Marik Rye

It was a strange ultra-modern mishmash of a building. One section was a long low box with wooden slats all over it, even covering the windows, giving the disconcerting impression of bars. Other parts were big white, yellow and red blocks sticking off at weird points, some up in the air and on stilts. It was all clearly supposed to look new and interesting and not-at-all-stereotypical of an orphanage. I had read about this place on the internet the night before our trip. The webpage made a big deal about it being progressive and “family oriented.” Its stated goal was to “reunite children with their birth families as quickly as possible” and yet there were only two visiting periods for two hours each week and those were at the time of day when almost everyone has to be at work, if they are trying to have a job and put their lives together – meaning that there was little possibility for struggling birth families to see their children. So, I was pretty skeptical from the outset.

We were let in by a prudish social worker who grimaced at anything overly enthusiastic we said, which was practically everything we said. She gave us some further details about the baby for a half an hour and then a nurse came in holding a baby. I was confused because I couldn’t understand why they were bringing other babies into the office where we were, but I assumed the nurse had a question for the social worker. The baby was way too pale to be our Romani baby, even if he was supposed to be light for a Romani baby. And he seemed far too big to be nine months. I thought this baby must be at least 14 months.

But then the social worker motioned at him. I felt something like an electric shock go through me. This really was our baby!

So, as much as I wish it were otherwise, I did not feel any instant “click”. There was no sense that this was meant to be or that fate had drawn us together. I was put off by how different he was from what I had expected, much bigger than I had even feared when thinking about an almost 10-month-old and so pale compared to Shaye, who is already seen as too pale to “really be Romani”. I suppose that I don’t really care what color my child is. I just had some vague picture in my head, a beloved fantasy and it was shattered in that moment. At the same time, I heard Dusan let out his breath sharply at my side. Was that relief? Was he relieved that we wouldn’t have to face greater conflict with his family? I couldn’t blame him… and still… Something in me seemed hollow, as if there was a child somewhere that we were supposed to have and this one was a mistake.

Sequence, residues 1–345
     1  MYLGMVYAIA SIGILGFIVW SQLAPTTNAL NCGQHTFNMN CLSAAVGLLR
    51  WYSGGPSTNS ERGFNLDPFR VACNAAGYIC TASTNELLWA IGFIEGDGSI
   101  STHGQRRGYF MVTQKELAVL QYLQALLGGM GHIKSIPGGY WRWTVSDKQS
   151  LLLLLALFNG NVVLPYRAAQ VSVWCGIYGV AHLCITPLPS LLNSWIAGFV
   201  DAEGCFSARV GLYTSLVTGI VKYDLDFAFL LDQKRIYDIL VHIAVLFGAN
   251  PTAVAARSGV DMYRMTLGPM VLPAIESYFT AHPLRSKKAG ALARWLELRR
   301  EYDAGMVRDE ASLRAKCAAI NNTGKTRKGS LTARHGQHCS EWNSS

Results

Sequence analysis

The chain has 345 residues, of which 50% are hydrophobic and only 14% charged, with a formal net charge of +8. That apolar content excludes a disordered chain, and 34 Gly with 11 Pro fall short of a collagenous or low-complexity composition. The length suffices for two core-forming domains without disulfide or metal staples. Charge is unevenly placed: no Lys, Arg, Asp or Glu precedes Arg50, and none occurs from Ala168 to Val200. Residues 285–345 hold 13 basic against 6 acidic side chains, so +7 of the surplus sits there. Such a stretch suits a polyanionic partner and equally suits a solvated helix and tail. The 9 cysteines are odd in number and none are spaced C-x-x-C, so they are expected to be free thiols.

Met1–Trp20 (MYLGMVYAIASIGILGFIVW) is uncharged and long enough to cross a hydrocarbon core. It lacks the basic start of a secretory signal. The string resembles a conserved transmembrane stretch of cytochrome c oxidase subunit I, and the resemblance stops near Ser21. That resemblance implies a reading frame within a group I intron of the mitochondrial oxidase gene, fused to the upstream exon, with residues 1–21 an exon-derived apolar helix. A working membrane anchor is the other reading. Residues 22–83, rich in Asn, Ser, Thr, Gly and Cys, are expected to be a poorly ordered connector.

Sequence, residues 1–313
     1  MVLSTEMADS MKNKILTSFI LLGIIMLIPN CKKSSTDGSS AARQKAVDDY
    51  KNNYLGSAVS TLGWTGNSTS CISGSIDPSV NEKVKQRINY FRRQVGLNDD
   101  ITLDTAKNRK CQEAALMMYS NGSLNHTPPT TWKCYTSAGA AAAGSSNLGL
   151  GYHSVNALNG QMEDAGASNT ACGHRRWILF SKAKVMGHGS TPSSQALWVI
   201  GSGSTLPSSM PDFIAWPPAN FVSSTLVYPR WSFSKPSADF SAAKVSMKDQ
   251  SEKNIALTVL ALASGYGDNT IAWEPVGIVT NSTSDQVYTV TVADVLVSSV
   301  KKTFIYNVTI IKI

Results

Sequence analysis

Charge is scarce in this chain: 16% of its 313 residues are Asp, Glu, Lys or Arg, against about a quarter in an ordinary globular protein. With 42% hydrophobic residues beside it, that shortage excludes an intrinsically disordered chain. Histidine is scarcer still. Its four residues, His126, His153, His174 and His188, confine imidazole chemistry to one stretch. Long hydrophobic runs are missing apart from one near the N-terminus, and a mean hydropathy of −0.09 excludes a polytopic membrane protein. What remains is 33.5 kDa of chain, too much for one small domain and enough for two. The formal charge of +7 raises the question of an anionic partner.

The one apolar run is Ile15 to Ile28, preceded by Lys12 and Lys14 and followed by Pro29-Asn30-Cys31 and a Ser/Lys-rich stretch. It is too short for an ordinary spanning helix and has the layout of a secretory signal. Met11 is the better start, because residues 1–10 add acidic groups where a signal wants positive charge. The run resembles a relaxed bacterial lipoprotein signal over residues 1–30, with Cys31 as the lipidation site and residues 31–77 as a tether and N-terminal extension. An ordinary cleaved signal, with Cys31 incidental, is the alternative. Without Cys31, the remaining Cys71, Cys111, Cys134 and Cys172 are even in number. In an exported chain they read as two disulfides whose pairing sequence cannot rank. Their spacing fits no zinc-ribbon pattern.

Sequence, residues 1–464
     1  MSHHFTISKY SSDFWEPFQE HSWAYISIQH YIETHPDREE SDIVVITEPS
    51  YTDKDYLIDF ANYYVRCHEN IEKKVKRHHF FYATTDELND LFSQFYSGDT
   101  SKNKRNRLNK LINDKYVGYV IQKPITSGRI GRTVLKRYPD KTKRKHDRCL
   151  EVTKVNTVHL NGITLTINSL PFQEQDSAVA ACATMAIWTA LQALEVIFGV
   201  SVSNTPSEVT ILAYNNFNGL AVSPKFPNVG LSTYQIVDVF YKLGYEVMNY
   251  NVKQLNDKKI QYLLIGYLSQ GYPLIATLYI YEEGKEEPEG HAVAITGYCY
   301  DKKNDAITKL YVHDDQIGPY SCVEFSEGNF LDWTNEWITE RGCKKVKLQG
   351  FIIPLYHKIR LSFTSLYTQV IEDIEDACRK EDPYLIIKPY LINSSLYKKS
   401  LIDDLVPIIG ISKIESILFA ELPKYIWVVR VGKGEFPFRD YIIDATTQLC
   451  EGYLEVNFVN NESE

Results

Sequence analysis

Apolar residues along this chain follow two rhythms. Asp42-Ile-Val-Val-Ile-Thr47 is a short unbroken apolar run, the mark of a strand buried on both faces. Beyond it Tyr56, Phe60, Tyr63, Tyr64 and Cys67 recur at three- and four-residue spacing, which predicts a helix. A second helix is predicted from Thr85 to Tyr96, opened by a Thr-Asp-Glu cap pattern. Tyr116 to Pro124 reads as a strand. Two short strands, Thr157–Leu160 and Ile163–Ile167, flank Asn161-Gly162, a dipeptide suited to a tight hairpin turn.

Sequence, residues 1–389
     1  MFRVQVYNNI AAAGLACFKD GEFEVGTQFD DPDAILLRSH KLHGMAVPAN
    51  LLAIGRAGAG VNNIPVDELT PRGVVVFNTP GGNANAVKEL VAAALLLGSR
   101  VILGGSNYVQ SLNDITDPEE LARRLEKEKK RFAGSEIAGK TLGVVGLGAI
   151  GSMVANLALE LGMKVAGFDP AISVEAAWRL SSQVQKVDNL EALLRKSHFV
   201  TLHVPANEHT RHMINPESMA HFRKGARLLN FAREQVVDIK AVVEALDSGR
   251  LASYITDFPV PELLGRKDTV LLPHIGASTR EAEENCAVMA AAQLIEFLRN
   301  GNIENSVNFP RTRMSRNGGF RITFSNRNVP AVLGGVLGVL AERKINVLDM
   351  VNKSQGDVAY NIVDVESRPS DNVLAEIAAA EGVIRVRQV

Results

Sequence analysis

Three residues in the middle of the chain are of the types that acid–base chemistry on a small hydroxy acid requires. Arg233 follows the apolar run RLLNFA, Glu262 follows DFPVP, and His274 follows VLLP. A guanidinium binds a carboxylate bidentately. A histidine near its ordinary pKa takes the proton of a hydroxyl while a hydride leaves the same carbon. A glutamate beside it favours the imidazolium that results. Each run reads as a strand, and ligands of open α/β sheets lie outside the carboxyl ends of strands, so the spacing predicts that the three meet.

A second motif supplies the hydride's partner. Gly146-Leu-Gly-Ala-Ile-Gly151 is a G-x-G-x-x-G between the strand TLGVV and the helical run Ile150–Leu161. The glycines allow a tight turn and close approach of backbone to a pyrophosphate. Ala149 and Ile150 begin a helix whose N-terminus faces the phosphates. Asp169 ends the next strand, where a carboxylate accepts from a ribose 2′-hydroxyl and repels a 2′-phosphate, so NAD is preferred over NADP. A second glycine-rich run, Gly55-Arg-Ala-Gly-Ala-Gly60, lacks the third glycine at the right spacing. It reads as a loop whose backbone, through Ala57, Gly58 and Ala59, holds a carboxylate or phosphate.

I rallied quickly and held out my arms for him. The nurse carefully handed him to me and he immediately started to sob and reach out his arms for her. Perversely, I knew this to be a very good sign. He was not one of those emotionally flat, unresponsive orphanage babies. He knew and cared who was a familiar person and who wasn’t. I carefully turned him to look at the nurse and the social worker and held him gently on my knee, so that he could see them. While I would guess that the best approach would have been for him to get used to me while sitting on one of their laps, that obviously was not going to happen given their unpleasant expressions. In fact, they quickly handed me some yogurt and heavily sweetened tea for him and left us alone in a small visitor’s room equipped with some toys, florescent lights and a bed covered with a clean cloth.

I started in to feed him as best I could and that quieted him for a while. But when I was done he started crying again, wailing in a voice that seemed deep for a baby. I got a somewhat better look at him then. He has very soft, straight brown hair, large brown eyes with big black lashes, bulging cheeks, a rather big nose and full lips. A very pleasing face in general with only a bit of the thuggish look that baby boys often have, but also a very average face, almost too ordinary somehow for all that it had taken to get him. Dusan and Ember each took a turn holding him and Shaye tried “sharing” my lap with him by sitting on one of my knees while I held him on the other. She also brought him toys. I had never seen her give another child toys. Even at the very beginning it seemed that she understood that this baby was something special, not just another child of a friend who we were visiting. We had tried to explain it and had told her this was the place where we would find her little brother and all, but I simply have a hard time guessing what a two-year-old understands and what she doesn’t.